U.S. general: Al-Qaida numbers have risen ‘slightly’ in recent years

In a new Newsweek cover story, U.S. Gen. John Nicholson, commander of NATO forces in Afghanistan, said that al-Qaida numbers have risen “slightly” in recent years, but insisted they represent a “marginal problem.”

“The issue in Pakistan has become their al-Qaida presence in Afghanistan,” said Nicholson, speaking in an interview with Newsweek in Kabul, the capital of Afghanistan.

“We’ve done so much to degrade the Afghan insurgency. It’s not going to suddenly fall into another decade-long war overnight. But it’s going to be a fight,” he said.

In May, Afghan officials said that a “few dozen” al-Qaida fighters remained in the country.

Asked what he was referring to by “slightly” more, Nicholson responded: “What do you call it?”

During the interview, he revealed that when the Taliban overran district centers in Nangarhar province last spring, he advised the Afghans in the area “to charge the place,” because their argument against doing so was that they lacked a strong resistance.

Nicholson said it was the “best advice I got” on the subject. “They didn’t have weapons to fight. They didn’t have enough to fight.”

He was also asked about an incident at a checkpoint in Nangarhar last week, in which the U.S. accidentally killed at least 36 men and boys at a checkpoint in Khogyani district, on the Afghan-Pakistan border.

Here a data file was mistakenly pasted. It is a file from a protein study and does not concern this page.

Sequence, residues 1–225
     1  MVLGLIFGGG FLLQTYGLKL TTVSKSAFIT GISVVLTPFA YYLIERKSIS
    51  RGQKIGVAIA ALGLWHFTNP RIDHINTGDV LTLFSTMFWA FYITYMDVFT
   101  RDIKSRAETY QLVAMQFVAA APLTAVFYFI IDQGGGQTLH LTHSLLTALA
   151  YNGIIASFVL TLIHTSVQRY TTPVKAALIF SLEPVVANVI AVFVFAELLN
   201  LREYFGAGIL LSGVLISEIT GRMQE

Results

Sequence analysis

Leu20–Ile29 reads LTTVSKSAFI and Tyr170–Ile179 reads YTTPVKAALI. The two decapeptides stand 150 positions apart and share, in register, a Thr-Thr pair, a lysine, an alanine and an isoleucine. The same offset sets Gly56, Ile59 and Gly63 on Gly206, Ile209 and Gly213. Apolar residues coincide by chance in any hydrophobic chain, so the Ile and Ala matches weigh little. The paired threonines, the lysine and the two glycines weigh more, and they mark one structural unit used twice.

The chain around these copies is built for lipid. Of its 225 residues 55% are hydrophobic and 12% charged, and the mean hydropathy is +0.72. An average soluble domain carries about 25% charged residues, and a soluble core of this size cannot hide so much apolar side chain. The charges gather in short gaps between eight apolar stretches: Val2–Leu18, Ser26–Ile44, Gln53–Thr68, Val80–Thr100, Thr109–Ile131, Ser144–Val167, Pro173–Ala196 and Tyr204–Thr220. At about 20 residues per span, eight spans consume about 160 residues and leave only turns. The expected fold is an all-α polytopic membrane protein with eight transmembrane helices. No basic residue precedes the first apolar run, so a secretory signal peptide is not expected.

“Some of the local folks became disgruntled when they didn’t get bulletproof vests,” Nicholson said, according to Newsweek.

He also addressed questions about whether the Taliban were actually joining al-Qaida, and whether it was the former Taliban that was actually calling the shots.

“As I understand it, they have a major role in the reconciliation process,” he said. “If reconciliation works, they could be part of that reconciliation, but we will have to work it through them. But there is an intent on their part.”

Nicholson told Newsweek the American-led military coalition is working to protect Afghanistan against suicide attacks. “It’s a constant battle. We don’t have a lot of options, we just have to figure out a way to get it done and get it done right,” he said.

SIGAR, the independent Afghanistan Analysts Network, confirmed Thursday that only one suicide attack, at a mosque in the eastern province of Paktika in August, had been carried out by the Taliban since June.

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